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  • Fundamentals of Fragrance Assignment #1

    ancient China, India, and Egypt, but it came into its own in medieval Europe and flourished well into the seventeenth century. 12. Distillation was of enormous importance not only in the evolution of perfumery but of what else? And indeed the alchemists deserve credit for refining the process of distillation, which was of enormous importance to the evolution of perfumery, not to mention winemaking, chemistry, and other branches of industry and science. 13. Only perfumers inherited both strands

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  • History Notes Essay

    Hester refuse to name her lover? She says the letter is already too deeply branded and cannot be taken off. She would endure his agony if she could. Her child will only know a heavenly father. Chapter 4 1.Chillingworth is an alchemist who assumes the role of physician in the story. What is

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  • Write an Essay on the Relationship Between Frankenstein and the Creature, and Compare/Contrast Their Relationship with That Exhibited Between Two Other Characters in One Other Text.

    secure upbringing and a healthy social base as he matured. He was afforded the opportunity to learn about science and became totally obsessed with how far he could delve into the mysteries of life through his study of forgotten works of ancient alchemists. Victor in many ways mirrored the explorer Walton in his ambition to discover ‘those shores which I so ardently desire to attain’. He was so focused on the prize that he lost sight of his responsibilities and must be attributed a portion of the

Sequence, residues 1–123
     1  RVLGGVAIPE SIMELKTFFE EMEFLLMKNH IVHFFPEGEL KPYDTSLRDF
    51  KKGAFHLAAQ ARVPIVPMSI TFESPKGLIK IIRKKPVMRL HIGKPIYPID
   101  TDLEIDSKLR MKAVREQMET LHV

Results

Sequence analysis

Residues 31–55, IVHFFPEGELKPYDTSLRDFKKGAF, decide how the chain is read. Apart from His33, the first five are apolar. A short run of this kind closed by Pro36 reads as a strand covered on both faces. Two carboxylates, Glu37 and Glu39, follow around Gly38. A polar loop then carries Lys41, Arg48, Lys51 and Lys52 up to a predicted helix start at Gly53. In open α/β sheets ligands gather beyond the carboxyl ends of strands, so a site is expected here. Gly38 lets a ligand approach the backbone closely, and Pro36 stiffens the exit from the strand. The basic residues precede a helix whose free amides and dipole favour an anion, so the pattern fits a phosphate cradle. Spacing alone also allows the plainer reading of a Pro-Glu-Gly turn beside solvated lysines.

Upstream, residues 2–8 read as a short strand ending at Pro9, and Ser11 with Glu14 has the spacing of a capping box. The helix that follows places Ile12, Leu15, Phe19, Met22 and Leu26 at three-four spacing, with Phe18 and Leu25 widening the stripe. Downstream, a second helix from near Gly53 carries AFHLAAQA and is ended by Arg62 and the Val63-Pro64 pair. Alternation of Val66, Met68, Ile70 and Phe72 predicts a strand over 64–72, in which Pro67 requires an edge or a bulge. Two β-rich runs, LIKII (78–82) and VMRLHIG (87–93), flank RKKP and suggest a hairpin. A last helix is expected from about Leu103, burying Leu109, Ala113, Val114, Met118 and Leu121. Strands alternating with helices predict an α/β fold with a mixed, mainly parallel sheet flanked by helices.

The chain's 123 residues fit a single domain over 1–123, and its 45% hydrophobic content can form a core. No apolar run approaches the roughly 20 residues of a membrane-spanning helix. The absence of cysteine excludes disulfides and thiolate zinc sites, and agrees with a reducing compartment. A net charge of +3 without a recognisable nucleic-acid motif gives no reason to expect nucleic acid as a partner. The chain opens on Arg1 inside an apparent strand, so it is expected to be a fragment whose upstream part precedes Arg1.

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  • Causes of Terrorism

    not translated into desired policies because there are not sufficient votes to pass desired legislation. Disaffected intelligentsia Rubenstein elaborates another interesting aspect occurring in Western liberal democratic states in his book Alchemists of Revolution (1987), though not necessarily because of a hiatus in democratic governance. There are two points I would like to bring under attention. First, Rubenstein's thesis that the main cause of terrorism are disgruntled, disaffected, intelligentsia